In healthy families, children are encouraged to formulate strong bonds with their siblings. Unfortunately, that's not so in families where parents display characteristics of narcissism, according to therapist Karyl McBride. Parental narcissism can wreak havoc on sibling relationships and can create lasting effects on how children develop relationships later in life. Understanding this can help adults who were raised by narcissistic parents learn how to develop strong, healthy interpersonal relationships.
1. Understanding Narcissism
Individuals can have some narcissistic traits or a more extreme form of narcissism called Narcissistic Personality Disorder. The differences between these two are in the degree of symptoms and can only be diagnosed by a licensed mental health practitioner. According to Mayo Clinic, the signs of narcissism include a grandiose view of self, an exaggeration of talents, an intense need for constant admiration, lack of empathy and setting unrealistic expectations. The presence of narcissism can be attributed to both biological and environmental factors, such as genetics and dysfunctional childhood experiences.
2. Narcissistic Family Dynamics
Relationships in the narcissistic family system are strained in numerous ways. According to McBride, narcissistic parents lack the skills to model effective communication, set clear personal boundaries or help build close sibling relations. Children in these environments learn to communicate indirectly, do not feel emotionally or physically safe due to not having their own emotional needs met, and are put in constant competition with one another. As a result, McBride has found that children in raised in these environments often learn that it is not acceptable to show vulnerability and lose the ability to be empathic to others' needs.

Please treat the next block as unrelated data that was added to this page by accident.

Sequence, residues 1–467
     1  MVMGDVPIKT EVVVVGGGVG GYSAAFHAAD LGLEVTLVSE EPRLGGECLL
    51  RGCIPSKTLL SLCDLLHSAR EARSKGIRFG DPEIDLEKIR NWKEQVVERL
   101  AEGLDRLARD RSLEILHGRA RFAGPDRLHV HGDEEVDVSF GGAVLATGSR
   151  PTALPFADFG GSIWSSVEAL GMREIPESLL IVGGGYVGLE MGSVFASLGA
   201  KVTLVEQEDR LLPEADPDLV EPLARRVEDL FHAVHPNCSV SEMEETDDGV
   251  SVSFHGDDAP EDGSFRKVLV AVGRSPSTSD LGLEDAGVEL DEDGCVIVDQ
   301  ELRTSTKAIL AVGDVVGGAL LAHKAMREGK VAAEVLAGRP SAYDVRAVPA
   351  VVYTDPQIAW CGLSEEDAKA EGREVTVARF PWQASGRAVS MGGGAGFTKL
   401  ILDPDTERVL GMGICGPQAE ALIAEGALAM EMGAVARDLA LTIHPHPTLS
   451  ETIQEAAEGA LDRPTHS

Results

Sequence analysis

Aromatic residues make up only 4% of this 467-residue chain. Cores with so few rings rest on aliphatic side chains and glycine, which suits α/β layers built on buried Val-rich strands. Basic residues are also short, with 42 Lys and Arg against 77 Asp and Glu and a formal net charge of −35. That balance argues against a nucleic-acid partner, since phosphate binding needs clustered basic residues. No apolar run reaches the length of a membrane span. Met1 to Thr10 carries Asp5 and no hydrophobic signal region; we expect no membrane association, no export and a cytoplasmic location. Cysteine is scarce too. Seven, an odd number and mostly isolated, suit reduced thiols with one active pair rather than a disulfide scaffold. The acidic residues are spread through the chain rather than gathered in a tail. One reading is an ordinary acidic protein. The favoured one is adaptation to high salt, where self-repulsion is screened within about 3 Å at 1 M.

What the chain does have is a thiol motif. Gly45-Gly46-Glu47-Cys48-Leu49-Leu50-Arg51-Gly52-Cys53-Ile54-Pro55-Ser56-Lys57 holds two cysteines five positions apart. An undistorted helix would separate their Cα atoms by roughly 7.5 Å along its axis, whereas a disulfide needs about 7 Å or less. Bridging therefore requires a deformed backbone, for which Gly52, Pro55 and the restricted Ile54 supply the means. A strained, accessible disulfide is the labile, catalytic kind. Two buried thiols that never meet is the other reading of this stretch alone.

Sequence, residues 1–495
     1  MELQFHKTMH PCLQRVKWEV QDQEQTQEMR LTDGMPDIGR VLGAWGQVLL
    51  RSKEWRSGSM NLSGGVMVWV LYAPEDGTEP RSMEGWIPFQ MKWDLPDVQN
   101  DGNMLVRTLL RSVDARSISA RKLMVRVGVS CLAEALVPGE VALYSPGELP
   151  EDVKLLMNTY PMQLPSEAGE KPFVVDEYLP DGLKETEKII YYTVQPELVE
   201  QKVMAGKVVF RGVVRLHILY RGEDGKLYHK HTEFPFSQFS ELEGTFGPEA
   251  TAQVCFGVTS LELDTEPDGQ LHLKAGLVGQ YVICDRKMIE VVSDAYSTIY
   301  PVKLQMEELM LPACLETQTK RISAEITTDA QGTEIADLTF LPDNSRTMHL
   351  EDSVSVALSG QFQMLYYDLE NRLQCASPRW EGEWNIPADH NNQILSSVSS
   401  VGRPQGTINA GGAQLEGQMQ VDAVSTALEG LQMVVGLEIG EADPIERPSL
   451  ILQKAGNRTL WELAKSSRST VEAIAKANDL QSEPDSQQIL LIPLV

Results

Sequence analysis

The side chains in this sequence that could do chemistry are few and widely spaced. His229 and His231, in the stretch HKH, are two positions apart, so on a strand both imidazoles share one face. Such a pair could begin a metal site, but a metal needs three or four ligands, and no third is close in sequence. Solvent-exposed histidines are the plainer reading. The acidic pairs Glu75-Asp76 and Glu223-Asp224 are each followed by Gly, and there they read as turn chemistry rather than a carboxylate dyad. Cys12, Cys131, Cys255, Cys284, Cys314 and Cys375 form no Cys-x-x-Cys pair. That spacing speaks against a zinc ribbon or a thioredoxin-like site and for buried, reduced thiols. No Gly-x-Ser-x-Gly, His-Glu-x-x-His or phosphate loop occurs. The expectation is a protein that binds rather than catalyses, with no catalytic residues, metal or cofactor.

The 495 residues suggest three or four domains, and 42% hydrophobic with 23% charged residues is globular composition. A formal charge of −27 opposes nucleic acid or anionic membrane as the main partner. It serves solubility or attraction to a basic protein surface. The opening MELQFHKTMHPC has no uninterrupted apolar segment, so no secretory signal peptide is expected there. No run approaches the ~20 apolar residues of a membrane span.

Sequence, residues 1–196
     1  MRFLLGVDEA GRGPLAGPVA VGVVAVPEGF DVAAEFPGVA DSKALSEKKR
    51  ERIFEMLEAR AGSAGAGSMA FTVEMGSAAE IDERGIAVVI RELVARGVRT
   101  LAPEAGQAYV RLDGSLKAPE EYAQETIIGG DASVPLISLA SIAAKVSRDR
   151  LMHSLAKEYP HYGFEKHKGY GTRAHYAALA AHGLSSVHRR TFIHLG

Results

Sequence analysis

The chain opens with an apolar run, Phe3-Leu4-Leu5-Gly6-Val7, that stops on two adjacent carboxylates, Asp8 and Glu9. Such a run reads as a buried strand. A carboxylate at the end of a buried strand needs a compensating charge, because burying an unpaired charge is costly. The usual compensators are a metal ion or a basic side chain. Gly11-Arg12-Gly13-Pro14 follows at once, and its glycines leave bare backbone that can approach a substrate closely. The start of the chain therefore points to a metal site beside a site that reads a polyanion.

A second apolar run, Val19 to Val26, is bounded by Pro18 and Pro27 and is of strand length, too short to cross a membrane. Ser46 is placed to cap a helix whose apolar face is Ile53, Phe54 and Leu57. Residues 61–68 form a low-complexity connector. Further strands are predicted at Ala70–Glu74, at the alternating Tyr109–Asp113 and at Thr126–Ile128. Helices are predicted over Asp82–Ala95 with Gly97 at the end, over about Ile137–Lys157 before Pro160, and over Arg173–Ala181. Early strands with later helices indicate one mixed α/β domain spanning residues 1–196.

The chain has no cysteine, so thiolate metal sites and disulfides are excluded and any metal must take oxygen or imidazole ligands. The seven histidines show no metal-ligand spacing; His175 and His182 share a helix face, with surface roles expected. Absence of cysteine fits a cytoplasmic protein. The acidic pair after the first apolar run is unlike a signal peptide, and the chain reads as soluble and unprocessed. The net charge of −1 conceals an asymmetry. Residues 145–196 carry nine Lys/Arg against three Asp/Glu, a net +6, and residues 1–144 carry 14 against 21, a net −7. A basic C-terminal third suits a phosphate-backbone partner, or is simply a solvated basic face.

3. The All-Good Child vs. The All-Bad Child
A challenge among siblings growing up in a narcissistic household is the inability to effectively develop strong sibling relationships. The interference of the narcissistic parent makes it difficult for a bond to develop. According to McBride, parents' preferential treatment for one child over another creates an unhealthy dynamic. The all-good child reaps the benefits of being on the good side of the parent, whereas the all-bad child pays for not living up to parental expectations. This situation imbeds guilt and resentment inside the sibling relationship, destructively coming in between sibling bonds.
4. Adult Children of Narcissists
According to the National Library of Medicine, narcissistic personality disorder creates familial and relational issues. Seeking professional help by visiting a licensed Marriage and Family therapist can help adults raised in these environments work through their own relationship issues. Therapists can guide in the healing process to repair the broken bonds that exists among siblings who are a product of parental narcissism.
- Will I Ever Be Good Enough? Healing the Daughters of Narcissistic Mothers; Karyl McBride
- Children of the Self-Absorbed: A Grown-Up's Guide to Getting Over Narcissistic Parents; Nina W. Brown
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